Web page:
In solo practice, the medical file belongs to the doctor who prepares them, not the patient. An exception here might be X-rays or investigations paid for by the patient. The question of ownership where doctors practise together or in shared premises can become complicated without an express agreement. It is useful to clarify these matters when you start work in your practice.
How long must records be kept?
It is recommended that medical records be kept for as long as possible. This is especially true where there has been dissatisfaction expressed regarding treatment, where there has been an adverse outcome, or there has been threatened legal action.
Some states and territories have legislation mandating that records be kept for minimum periods. Such periods vary between jurisdictions.
At a minimum, it is recommended that records in relation to health information are kept, in the case of a child, until they are 25 years old, and for adults, for at least seven years after the last consultation.
Patient access to medical records
Introduction of Commonwealth and state/territory privacy legislation now generally provides patients (with limited exceptions) with a statutory right of access to their records, including:
- having a copy of the records
- inspecting their records
- having a copy provided to a third party authorised by the patient, e.g. a solicitor.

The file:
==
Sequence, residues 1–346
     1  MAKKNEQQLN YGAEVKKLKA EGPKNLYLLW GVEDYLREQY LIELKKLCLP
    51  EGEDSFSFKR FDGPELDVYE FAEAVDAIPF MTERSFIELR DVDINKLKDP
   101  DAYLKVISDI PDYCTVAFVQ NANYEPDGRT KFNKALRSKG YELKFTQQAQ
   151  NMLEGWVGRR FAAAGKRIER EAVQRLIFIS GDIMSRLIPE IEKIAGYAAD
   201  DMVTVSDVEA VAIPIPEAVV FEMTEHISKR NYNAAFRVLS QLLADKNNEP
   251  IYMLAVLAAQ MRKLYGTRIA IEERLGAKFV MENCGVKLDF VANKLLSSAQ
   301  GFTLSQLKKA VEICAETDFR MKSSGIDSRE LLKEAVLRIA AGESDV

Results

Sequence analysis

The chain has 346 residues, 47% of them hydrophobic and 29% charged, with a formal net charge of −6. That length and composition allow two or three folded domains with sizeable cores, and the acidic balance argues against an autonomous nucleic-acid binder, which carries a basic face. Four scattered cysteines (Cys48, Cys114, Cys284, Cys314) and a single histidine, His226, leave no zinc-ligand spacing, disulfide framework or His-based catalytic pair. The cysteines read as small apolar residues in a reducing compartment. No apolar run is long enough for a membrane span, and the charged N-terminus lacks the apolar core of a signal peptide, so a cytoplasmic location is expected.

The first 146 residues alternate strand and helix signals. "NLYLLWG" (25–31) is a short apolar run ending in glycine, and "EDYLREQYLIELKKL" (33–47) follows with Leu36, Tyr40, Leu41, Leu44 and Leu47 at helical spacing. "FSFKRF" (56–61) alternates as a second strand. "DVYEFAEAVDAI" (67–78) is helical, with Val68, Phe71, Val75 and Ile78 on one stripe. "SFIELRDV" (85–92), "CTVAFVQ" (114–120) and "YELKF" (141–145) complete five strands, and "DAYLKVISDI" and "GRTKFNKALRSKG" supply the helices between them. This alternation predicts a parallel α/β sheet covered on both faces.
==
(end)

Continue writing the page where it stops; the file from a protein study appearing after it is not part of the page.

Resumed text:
Given this access, it is advisable that medical records should be more than just notes to assist your memory. They should not be written in personal shorthand or obscure abbreviations. In this form, they can be misinterpreted unless translated by the author.
Disposal of medical records
If a patient wishes to transfer to another practitioner at a different practice, the new practitioner is entitled to
information required for the proper ongoing care of the patient, by way of:
There is no obligation to provide original records. The patient should bear the reasonable cost of providing this information, but failure to pay should not be used as a reason to prevent relevant information being provided to the new practitioner.
- a treatment summary, or
- preferably, a copy of the medical records.
Patients must sign an authority to transfer their care and records to another practitioner. The authority should:
- request that a copy of the records be transferred to the new practitioner
- contain the name and date of birth of the patient whose records are to be transferred
- be signed by the patient (or parent/guardian where applicable)
- be dated.
If records are transferred to a new practitioner, and in particular when a practitioner is leaving a practice and a significant number of patients wish to follow them to their new practice, the practice should keep a register or record of:
- the patients
- the date the authority is received
- the date of transfer of records
- whether the original record has been transferred and a copy made
- the location of the records and the name of the new, or relocating practitioner.
- Good medical records are essential for good patient care.
- Good medical records are essential for a proper defence in the event of a claim or complaint against you.
- If in doubt, retain medical records.
- Remember that your patients can have access to their records.
For more advice, call Avant’s Medico-legal Advisory Service on 1800 128 268.